Endangered Species |ESPÈCES MENACÉES (2017) | Venice Film Festival 2017

Filmuforia September 1, 2017 Comments Off on Endangered Species |ESPÈCES MENACÉES (2017) | Venice Film Festival 2017
Endangered Species |ESPÈCES MENACÉES (2017) | Venice Film Festival 2017

 Dir: Gilles Bourdos | France, Belgium / 105’ | cast: Alice Isaaz, Vincent Rottiers, Grégory Gadebois, Suzanne Clément

Gilles Bourdos’ interlocking trio of stories from American writer Richard Bausch is strangely unengaging despite the colourful antics of its central character Josephine, gamely played here by Alice Isaaz.

After his sumptuous but flaccid biopic drama Renoir French director Gilles Bourdos travels to the Riviera for his latest offering, the vividly shot but narratively over-ambitious and uneven Endangered (Doomed) Species where Josephine is variously beset by difficult characters in her life: a macho tree-surgeon husband; a difficult new neighbour and his pregnant daughter; her future husband and his PhD student whose mother is finally institutionalised.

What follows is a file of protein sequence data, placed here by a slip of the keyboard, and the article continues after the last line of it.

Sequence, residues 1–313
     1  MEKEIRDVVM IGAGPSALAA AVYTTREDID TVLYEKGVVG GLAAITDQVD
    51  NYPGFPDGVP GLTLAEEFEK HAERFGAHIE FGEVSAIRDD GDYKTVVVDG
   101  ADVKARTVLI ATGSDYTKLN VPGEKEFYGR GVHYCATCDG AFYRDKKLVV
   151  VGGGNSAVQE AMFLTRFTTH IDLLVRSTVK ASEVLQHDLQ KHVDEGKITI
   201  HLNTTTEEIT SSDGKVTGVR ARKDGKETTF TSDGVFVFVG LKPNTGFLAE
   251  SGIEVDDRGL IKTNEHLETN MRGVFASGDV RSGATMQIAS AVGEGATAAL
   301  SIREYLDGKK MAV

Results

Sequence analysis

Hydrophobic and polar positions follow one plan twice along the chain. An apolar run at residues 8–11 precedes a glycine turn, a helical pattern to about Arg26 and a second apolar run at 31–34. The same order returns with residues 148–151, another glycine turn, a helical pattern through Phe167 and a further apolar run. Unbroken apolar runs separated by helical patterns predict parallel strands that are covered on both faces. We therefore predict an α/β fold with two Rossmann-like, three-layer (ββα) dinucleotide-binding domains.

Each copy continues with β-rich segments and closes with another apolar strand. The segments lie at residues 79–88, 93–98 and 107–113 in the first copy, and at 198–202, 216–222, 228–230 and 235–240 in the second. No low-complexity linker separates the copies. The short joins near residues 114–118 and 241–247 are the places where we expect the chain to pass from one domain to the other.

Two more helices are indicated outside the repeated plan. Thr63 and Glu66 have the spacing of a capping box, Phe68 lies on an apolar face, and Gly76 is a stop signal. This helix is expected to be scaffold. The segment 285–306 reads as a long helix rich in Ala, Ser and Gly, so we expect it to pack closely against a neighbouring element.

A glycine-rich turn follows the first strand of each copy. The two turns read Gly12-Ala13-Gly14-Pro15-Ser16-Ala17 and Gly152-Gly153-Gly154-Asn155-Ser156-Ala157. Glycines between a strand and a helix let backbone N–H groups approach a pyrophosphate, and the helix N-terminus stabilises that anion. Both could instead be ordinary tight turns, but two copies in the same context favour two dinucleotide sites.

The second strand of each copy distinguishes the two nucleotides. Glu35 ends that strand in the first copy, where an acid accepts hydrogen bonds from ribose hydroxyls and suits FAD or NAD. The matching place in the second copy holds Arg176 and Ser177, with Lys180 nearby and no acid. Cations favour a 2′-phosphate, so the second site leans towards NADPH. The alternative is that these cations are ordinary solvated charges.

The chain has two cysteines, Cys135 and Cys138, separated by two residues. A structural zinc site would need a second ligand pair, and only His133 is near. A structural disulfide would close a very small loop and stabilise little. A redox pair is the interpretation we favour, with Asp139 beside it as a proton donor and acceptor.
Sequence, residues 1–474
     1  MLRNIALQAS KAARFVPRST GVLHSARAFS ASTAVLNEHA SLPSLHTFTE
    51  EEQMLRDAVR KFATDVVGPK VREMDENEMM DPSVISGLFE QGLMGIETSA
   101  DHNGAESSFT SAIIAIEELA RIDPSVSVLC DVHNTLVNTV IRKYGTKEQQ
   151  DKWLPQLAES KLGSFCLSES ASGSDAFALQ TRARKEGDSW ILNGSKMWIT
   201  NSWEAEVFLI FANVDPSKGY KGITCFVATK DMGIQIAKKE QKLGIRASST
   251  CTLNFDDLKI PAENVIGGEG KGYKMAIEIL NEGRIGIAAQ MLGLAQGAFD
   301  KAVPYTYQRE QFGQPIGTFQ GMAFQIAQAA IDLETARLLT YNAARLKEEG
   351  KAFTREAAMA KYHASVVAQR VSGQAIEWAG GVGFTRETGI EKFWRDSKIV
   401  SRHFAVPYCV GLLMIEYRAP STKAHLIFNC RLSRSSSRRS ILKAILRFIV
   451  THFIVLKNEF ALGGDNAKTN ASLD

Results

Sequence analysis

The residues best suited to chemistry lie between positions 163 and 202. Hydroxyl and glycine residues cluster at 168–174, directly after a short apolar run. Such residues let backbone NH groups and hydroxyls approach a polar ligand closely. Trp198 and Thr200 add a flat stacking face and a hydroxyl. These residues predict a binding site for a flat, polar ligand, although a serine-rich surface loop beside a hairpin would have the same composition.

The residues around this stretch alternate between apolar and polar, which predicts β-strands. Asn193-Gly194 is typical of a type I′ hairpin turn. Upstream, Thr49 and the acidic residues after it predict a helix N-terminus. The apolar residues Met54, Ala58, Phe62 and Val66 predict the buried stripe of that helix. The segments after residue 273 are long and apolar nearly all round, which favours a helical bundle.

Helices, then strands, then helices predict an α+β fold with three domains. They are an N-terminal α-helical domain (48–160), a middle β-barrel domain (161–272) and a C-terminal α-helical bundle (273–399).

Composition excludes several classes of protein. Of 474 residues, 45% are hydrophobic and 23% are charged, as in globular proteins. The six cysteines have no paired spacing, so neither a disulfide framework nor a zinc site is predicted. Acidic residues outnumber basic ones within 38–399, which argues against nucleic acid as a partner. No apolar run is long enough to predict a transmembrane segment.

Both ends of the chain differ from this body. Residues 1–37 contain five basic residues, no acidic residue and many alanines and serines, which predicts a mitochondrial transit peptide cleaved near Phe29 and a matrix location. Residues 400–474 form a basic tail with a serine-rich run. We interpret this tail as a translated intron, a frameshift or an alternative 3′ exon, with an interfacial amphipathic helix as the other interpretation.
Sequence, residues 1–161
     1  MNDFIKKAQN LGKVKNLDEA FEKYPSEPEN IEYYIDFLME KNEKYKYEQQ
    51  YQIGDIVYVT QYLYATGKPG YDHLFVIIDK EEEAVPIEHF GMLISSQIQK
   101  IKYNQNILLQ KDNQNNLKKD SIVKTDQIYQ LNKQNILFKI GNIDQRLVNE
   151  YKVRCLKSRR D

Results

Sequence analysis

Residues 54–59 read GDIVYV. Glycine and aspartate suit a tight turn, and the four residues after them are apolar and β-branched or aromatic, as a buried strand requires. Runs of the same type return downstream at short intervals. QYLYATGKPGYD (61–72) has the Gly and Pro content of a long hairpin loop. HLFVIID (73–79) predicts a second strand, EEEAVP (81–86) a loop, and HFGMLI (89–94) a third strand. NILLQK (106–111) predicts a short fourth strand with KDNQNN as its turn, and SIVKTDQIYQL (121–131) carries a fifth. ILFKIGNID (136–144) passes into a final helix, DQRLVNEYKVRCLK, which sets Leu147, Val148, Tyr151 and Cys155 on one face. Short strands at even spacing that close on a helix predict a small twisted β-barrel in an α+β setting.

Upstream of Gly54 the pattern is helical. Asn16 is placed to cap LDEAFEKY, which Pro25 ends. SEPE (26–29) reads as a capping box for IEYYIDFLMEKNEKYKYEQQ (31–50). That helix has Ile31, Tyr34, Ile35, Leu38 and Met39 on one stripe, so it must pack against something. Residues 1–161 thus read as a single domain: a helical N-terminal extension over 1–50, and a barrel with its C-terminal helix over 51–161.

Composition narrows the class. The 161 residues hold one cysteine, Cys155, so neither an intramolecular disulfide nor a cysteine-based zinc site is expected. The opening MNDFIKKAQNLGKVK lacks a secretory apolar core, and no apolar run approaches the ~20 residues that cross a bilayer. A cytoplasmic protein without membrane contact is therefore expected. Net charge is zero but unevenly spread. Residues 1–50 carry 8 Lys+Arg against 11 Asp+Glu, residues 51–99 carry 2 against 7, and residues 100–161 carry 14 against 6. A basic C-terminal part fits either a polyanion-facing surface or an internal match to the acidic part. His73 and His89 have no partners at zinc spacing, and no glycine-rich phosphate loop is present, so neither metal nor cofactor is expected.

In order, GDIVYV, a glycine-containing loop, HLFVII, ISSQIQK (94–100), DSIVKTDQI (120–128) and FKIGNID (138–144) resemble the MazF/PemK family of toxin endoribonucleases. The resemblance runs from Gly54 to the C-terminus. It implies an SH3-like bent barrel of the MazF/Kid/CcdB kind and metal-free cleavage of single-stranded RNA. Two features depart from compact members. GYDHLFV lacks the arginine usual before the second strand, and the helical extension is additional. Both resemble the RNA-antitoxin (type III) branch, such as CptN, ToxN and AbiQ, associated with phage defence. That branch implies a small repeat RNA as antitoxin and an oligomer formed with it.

The first two stories unfurl prodigiously showcasing Josephine’s fraught wedding night with tattooed groom Tomas (Vincent Rottiers from Renoir) ending in tears for the bride, not auguring well for their future and echoing the doomed relationship of her parents (Gregory Gadebois, Suzanne Clement). The second sequence features an incendiary phone call between the pregnant Melanie (Alice de Lenquesaing) and her father, Vincent (Eric Elmosnino) telling him of her putative marriage to a man (Carlo Brandt) nearly forty years her senior, while his news of divorce pales into insignificance in the process. The third and weakest story features Damien Chappelle’s Anthony (who is also a student of Melanie’s father’s baby) and his deranged mother Nicole (Brigitte Catillon).

Bourdos aims to explore the dynamics, pressures and loyalties of family and how ‘sins of the father’ infect future generations, but in doing so some of his characters are not as fully fleshed out as the others, particularly those of Melanie and her partner and Anthony and his difficult love life. The overbearing score often threatens to dominate a film gorgeously captured and vivaviously realised in its ravishing Riviera locations making this an occasionally enjoyable watch despite its drawbacks. MT

VENICE FILM FESTIVAL 30 August – 9 SEPTEMBER 2017

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